Cleaning Up Wall Street: LIBOR, FX, and Antitrust

By Paola Henry

The London Interbank Offered Rate (“Libor”) is the most widely used benchmark interest rate worldwide.[1] Banks use Libor to determine the rate to lend money to one another for short-term loans.[2]  Libor is also used as a benchmark to determine the interest rates on mortgages, student loans, credit cards, derivatives, corporate bonds, and many other debt instruments and financial products.[3]  When banks began to observe indications that the financial markets were in jeopardy in 2007 prior to the global financial crisis, a group of brokers from various banks conspired together to alter the Libor rates.[4]  Regulators and the media began to notice that the rates appeared to be manipulated and the Wall Street Journal noted in 2008, that “‘[o]ne of the most important barometers of the world’s financial health could be sending false signals. In a development that has implications for borrowers everywhere, from Russian oil producers to homeowners in Detroit, bankers and traders are expressing concerns that the London interbank offered rate is becoming unreliable.’”[5]  The banks sought to avoid alerting the market of their downturn in financial position and began deliberately providing low estimates on their borrowing costs.[6] Bank traders were “pushing Libor around to boost their profits.”[7] Over the course of several years, multiple banks conspired to manipulate Libor, the FX spot market, the price of U.S. dollars and euro exchanges, and the yen LIBOR.

The manipulation of these rates led the Department of Justice’s Antitrust and Criminal Divisions and the FBI to investigate possible collusion activity intended to manipulate the price of U.S. dollars and euros exchanges in the FX spot market.[8] “The dollar-euro spot market is one of the world’s largest financial markets. On a daily basis, there are approximately $500 billion worth of dollars and euros traded in this market.”[9]  In May 2015, four major Wall Street banks – Citicorp, JPMorgan, Chase & Co., Barclays PLC, and The Royal Bank of Scotland PLC plead guilty to federal felony antitrust charges under the Sherman Act for conspiring to manipulate the dollar-euro spot market.[10]  UBS AG later joined the previous four banks, agreeing to plead guilty to manipulating Libor charges.[11]

The banks and executives that plead guilty in the Libor litigation conspired to manipulate the Libor interest rates, subverting the marketplace, for their own financial gain.[12] Initially, the banks were charged with both conspiracy and federal antitrust violations under the Sherman Act.[13] However, Judge Buchwald of the District Court for the Southern District of New York dismissed the antitrust claims.[14] “Judge Buchwald eliminated the core antitrust claims from the litigation in 2013, finding that the Libor-setting process was not supposed to be about competition in the first place. However, the Second Circuit reinstated those antitrust claims, explaining that the investors had adequately alleged a price-fixing scheme and did not need to separately allege competitive harm to survive a motion to dismiss.”[15]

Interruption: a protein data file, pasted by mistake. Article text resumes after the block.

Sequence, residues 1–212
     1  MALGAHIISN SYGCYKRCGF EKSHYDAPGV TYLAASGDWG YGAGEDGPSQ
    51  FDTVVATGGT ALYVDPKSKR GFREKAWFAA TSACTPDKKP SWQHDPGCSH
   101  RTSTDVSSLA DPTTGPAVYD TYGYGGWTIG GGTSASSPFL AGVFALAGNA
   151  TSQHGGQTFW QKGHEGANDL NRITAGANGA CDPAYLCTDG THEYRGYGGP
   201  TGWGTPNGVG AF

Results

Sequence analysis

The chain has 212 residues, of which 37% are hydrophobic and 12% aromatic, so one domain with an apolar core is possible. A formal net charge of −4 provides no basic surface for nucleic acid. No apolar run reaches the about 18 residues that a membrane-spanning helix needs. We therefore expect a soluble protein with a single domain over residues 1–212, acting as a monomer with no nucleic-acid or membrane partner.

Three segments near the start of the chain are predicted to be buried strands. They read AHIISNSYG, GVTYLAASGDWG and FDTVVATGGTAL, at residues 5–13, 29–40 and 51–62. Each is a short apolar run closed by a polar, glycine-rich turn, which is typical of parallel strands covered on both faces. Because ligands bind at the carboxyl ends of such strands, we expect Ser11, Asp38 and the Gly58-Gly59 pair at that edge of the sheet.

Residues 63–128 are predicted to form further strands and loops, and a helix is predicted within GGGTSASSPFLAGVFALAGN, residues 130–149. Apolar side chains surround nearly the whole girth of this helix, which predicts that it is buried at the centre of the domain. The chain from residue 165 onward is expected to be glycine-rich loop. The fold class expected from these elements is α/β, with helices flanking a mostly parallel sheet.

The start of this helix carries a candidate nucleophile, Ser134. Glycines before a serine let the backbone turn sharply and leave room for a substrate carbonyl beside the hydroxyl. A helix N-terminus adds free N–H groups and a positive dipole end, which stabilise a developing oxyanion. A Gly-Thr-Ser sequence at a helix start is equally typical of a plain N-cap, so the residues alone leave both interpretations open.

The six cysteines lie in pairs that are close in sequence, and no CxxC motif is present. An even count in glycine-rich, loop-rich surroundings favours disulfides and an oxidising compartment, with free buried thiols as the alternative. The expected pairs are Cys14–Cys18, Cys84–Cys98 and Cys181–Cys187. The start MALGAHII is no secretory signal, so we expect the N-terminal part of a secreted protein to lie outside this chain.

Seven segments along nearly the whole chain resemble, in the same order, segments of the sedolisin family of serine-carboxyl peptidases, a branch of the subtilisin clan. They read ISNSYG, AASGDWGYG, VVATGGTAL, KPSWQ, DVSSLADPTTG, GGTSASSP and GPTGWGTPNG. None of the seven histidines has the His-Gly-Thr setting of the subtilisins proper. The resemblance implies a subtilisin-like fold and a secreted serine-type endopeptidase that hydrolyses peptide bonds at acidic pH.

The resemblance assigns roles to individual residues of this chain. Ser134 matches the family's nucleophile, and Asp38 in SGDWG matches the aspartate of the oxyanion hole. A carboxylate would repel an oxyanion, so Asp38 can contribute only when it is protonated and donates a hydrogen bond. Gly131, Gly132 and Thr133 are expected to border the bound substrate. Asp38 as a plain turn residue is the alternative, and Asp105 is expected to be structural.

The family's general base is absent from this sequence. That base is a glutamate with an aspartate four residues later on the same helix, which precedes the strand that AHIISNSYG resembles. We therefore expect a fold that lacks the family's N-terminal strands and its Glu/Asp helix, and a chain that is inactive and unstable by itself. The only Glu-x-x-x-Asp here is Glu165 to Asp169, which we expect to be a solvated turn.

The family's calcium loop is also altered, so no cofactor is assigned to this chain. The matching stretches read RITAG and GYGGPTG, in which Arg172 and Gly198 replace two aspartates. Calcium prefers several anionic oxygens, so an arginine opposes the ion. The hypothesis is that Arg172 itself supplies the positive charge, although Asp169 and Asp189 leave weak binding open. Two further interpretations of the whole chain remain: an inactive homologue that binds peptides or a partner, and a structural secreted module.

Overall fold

On January 17, 2017, the United States Supreme Court rejected Bank of America, Citigroup, and JPMorgan Chase’s appeal, refusing to bar antitrust lawsuits that accuse the banks of conspiring to rig Libor.[16] The Court’s decision not to review the Second Circuit’s claim will have implications for similar litigation where banks have conspired to rig other rates like Euribor, ISDAfix, and FX, foreign currency exchange prices.[17] Under the Second Circuit’s decision, private investors can enforce antitrust damages for the Libor scandal.[18] This private litigation “is separate from Libor rigging probes that have resulted in roughly $9 billion in sanctions worldwide” to authorities including the United States Department of Justice and the European Commission.[19] The Supreme Court’s decision not to hear this appeal will undoubtedly have implications for antitrust cases involving financial market manipulation in the future.



[1] See Liam Vaughan & Gavin Finch, Libor Scandal: The Bankers Who Fixed the World’s Most Important Number, The Guardian (Jan. 18, 2017),

[2] See id.

[3] See Liam Vaughan & Gavin Finch, Libor Scandal: The Bankers Who Fixed the World’s Most Important Number, The Guardian (Jan. 18, 2017),

[4] See id.

[5] See id.

[6] See id. (noting that the banks were seeking to avoid tipping off the world markets that they were “desperate for cash”).

[7] See id.

[8] Division Achieves Important Milestones in Financial Industry Cleanup: Division Update Spring 2016, (last visited Jan. 20, 2017).

[9] Id.

[10] See id.

[11] See id.

[12] See Vaughan & Finch, supra note 1.

[13] In re: LIBOR-Based Financial Instruments Antitrust Litig., No. 11 MDL 2252 (NRB), 2016 WL 7378980, at *1 (S.D.N.Y. Dec. 20, 2016).

[14] See id; see also Joyce Hanson, Banks Say Forex Ruling Changes Nothing in Libor Case, Law360 (Oct. 5, 2016),

[15] See Hanson, supra note 14; see also Gelboim v. Bank of Am. Corp., 135 S. Ct. 897, 899 (2015).

[16] See Greg Stohr, Banks Rejected by High Court, Lose Bid to Derail Libor Suits, BloombergPolitics (Jan. 17, 2017),

[17] See Eric Kroh, High Court Libor Appeal Tests Bedrock Of Rate-Fixing Suits, Law360 (Jan. 13, 2017),

[18] See id.

[19] Lawrence Hurley, U.S. Top Court Rejects Banks Over Libor Antitrust Lawsuits, Reuters (Jan. 17, 2017),


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